Juneteenth Festival, Unity March planned for Alabaster
Published 3:19 pm Wednesday, June 17, 2020
ALABASTER – A Juneteenth Festival and Black Lives Matter Unity March and Rally are scheduled for Saturday, June 20, in Alabaster.
The Festival will be held from 2-4 p.m. in the area surrounding the Alabaster Municipal Complex, at 1953 Municipal Way, featuring a DJ, food trucks, speakers, an open mic and a youth spoken word and poster contest.
The unity march and rally will immediately follow at 4 p.m., with plans to transport participants from the festival to the Alabaster First United Methodist Church’s Restore building, where the march will begin.
The march will conclude back at the Municipal Complex.
The Juneteenth Festival is part of an effort by local activists to make a difference for diversity and equality in Alabaster, according to April Dortch, who is among the event organizers.
A rally at Veterans Park on Saturday, June 6, turned into somewhat of a town hall with Mayor Marty Handlon, who was present and addressed concerns raised by protestors.
Dortch said areas of concern include education, law enforcement and diversity among city leadership.
“We felt like coming together as a group of people would be a lot more impactful—to not just have problems but have solutions,” Dortch said.
More conversations with Handlon ensued, and the idea to hold a Juneteenth celebration was developed.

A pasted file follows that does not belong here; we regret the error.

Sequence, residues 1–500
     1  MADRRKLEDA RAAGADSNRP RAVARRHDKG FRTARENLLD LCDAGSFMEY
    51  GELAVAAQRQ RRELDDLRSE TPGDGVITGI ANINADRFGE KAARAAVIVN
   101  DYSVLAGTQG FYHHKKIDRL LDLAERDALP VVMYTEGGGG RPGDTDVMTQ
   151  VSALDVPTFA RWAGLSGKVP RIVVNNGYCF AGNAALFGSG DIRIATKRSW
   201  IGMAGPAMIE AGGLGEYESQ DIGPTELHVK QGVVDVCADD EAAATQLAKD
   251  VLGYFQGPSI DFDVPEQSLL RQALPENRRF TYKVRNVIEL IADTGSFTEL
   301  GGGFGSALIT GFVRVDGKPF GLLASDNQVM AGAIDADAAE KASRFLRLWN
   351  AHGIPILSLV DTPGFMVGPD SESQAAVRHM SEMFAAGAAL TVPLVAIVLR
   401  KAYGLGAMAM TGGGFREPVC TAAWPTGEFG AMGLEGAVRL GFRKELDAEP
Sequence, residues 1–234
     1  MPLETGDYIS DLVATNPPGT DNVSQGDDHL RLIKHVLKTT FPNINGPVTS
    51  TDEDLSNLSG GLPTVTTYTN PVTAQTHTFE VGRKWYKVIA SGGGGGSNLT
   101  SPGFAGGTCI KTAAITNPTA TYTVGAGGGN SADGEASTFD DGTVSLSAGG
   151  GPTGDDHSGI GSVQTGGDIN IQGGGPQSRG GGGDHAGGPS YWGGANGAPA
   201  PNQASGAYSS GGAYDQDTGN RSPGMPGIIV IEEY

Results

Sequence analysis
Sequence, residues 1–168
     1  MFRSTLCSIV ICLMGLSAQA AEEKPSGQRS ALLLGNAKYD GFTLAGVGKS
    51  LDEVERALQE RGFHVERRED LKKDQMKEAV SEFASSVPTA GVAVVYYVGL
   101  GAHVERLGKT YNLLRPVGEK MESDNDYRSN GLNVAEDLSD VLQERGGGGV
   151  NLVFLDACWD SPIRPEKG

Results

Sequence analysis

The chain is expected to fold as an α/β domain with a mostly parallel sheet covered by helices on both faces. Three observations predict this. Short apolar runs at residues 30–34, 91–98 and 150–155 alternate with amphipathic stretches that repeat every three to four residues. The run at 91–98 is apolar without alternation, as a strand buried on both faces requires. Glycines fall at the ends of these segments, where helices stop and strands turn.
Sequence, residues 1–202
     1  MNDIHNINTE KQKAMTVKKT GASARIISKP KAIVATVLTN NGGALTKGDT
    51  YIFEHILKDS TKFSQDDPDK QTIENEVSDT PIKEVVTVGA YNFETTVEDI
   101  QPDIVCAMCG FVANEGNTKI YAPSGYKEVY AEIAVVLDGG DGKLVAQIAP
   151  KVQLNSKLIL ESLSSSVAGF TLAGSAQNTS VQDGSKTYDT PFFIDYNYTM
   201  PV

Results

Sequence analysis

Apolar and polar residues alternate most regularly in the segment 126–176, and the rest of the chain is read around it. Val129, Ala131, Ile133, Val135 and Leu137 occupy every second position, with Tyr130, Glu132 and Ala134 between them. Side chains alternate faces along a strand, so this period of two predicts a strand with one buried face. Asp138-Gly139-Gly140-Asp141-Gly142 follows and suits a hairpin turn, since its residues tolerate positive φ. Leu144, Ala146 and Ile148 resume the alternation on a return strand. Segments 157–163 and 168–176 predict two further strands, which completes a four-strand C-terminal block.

Handlon presented a proclamation to Dortch at the Alabaster City Council meeting on Monday, June 15, declaring June 19 as Juneteenth Celebration Day.
“I encourage all citizens to observe Juneteenth as an opportunity to reflect, rejoice and plan for a brighter future as we continue to address racial injustices in our society today,” the proclamation read.
City Council members discussed with those in attendance about opportunities for serving on volunteer boards, and work is also underway to create a community council that could offer recommendations to city leadership on areas of concern. Alabaster officials said at the Council meeting they would look into how the entity would need to be created.
“There’s a lot more to come; we’re just trying to get through Juneteenth,” Dortch said about future plans.
A meeting place for updates about the group’s progress can be found at the “Change! Alabaster” Facebook page.
The group of activists also includes Korina Godwin, Rachael Burnett Isom, Quentana McGinnis, Larry Sailes, Laura Wyatt, Corrin Mason, Matthew Oinos, Jess Nord Searcy and others.
The festival and rally are not city of Alabaster events. Donations of water and sanitizer would be appreciated, and any local business interested in giving support through sponsorships can contact the Change! Alabaster page.
Those interested in participating in the spoken word and youth poetry slam (open to those under the age of 18) contests should join the Change! Alabaster Facebook group and send a message with name and contact information.
For questions or more information about the BLM march and rally, text Gerry Bivins at (205) 212-8483.